I’ve recently been thinking a lot about what a fully fledged, effective Voice of the Customer infrastructure should look like. In previous posts, I’ve highlighted the importance of having a Voice of the Customer (VoC) within any customer or client facing business (let me know if you’d like links), but in essence, my top 5 things in a good VoC are:
- Meaningful metrics
- Executive buy-in and participation
- A tracking mechanism to show progress
- A fully mapped & measurable customer journey
- Involvement & engagement from the customer & client facing teams
Of course, there are other factors that may be relevant to your business, so apologies if I missed a key aspect from your VoC checklist! My recent musings have focused on the metrics. I split the core metrics into three categories:
WHAT: objective data relating to the activities your customer or clients do / don’t do within your customer journey, enhanced by adding in timing, demographics, segmentation, products, etc. This data is only really useful when you know what your model customer journey looks like. Knowing what your customers did helps you see where product, service, process or people are failing and causing your customers to come to a halt along your customer journey.
WHY: This is your customer feedback, which will invariably be subjective. It’s the customers’ opinions on what it’s like to use your product, consume your service and move through your customer journey. It’s subjective, because what a customer says may not be actionable, or even correct! For example, “Your website doesn’t work” may be because your customer’s employer has blocked access to your website when the employee tries to access your website from a work computer – you can’t control that aspect, it’s not that your product doesn’t work, it’s an external factor.
Together, the WHAT & the WHY give you a rich picture of activity within your customer journey, and can quickly highlight the low hanging fruit. You can fix clunky sign up processes, better train your store staff on process and add extra products to meet customer needs by using a combination of WHAT & WHY. But the last part of this triangle is also critical, because your customer journey involves human beings. Human beings are ruled by emotion.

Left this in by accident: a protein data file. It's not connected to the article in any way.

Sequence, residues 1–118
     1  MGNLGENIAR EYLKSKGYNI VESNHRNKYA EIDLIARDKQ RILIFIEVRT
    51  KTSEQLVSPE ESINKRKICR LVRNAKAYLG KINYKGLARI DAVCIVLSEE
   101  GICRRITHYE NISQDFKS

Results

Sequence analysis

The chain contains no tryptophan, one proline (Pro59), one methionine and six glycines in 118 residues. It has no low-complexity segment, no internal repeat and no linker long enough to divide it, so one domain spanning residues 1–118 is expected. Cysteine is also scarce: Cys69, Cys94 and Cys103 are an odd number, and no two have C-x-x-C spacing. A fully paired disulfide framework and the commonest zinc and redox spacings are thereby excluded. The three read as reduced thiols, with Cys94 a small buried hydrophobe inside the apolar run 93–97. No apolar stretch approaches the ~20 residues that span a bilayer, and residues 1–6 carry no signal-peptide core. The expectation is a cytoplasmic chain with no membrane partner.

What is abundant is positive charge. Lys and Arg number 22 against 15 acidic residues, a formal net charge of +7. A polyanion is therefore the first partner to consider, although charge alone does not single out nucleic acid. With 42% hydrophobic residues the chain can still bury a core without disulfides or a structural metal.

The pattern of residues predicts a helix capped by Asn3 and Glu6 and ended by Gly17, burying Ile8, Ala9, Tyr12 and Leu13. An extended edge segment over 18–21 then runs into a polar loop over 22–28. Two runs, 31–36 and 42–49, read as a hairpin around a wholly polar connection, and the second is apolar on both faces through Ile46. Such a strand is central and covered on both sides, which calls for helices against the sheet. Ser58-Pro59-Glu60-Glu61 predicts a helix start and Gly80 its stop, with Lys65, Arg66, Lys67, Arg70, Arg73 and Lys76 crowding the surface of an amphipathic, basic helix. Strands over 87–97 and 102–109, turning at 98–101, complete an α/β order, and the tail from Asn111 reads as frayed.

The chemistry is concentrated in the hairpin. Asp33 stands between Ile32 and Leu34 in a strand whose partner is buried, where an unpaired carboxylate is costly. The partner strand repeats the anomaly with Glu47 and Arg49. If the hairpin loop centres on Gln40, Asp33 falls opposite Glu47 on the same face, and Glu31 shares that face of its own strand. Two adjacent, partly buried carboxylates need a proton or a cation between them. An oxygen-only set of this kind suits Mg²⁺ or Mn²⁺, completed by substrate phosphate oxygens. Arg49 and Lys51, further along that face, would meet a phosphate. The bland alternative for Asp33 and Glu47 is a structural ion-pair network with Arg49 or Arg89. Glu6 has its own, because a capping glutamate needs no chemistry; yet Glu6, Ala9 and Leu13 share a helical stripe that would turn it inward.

HOW: How the customer feels, the sentiment scoring part, is the final piece of the puzzle. Your customers may progress through your journey, but feel apathetic or even resentful and unhappy – that will eventually impact your bottom line! If you have taken time to map your customer journey, understanding the emotion you would expect a customer to experience at each stage is just as important as knowing the next step in the customer journey. Transactional experiences (I don’t want this, but I have to have it) like banking, insurance & utilities often only range from neutral emotion to negative. It’s hard to get excited about a bank account or an electricity bill, but if the bank charges you fees or your electricity supply is cut, you will see red! Emotional experiences, such as retail, holidays, restaurants can swing from delight to despair. The perfect romantic holiday all the way through to the cockroach-infested restaurant trigger very different sentiments. So what’s evolved in the metrics that matter for the HOW?
Customer Satisfaction (how I feel now, or about my most recent interaction) is the longest established metric, and still really valid. It’s a short term indicator, and can change rapidly.
Net Promoter Score (NPS) (how likely I would be to recommend you) is a better longer term indicator, although is not always a good indicator for some industries (funeral directors, debt consolidation companies and other emotionally sensitive experiences.) Together with customer satisfaction, you get a good short & longer term view of the health of your customer relationship.
Customer Effort Score (CES) and the revised model CES 2.0 is a newer metric that I really love. When it’s easy, I form a habit quickly; when it’s hard, I give up. Younger consumers are particularly sensitive to this “make it easy for me” metric. Coupled with the other two, you can get a sense of the quality of your experience as well as product & service.
Trust is not a new metric, but in this context, it can have a direct correlation with the other three metric. The UK CSI carry out extensive research twice a year, and directly compare all 4 metrics, with some very interesting results. By measuring trust on a similar scale to your other metrics, you may identify a direct impact on your customer journey, and the approach you should take to your service delivery model.
Linking the WHAT, WHY & HOW data into a usable format that maps against your customer journey is not a simple task. My advice would be treat this as a complicated puzzle, build it up a piece at a time, but always linking back to your customer journey. Gaining traction on executive and employee engagement, and drive the low hanging fruit actions is much more important than having a fully fledged model.
Be clear on what you want it to ultimately become, but be patient, set milestones, and focus on using what you have initially to increase buy-in through small wins. This will help you to get more business commitment to scale up your VoC to what you really want it to be. So whether you’re already on the road, or only just starting with your VoC, stay focused, and keep the short term goals realistic!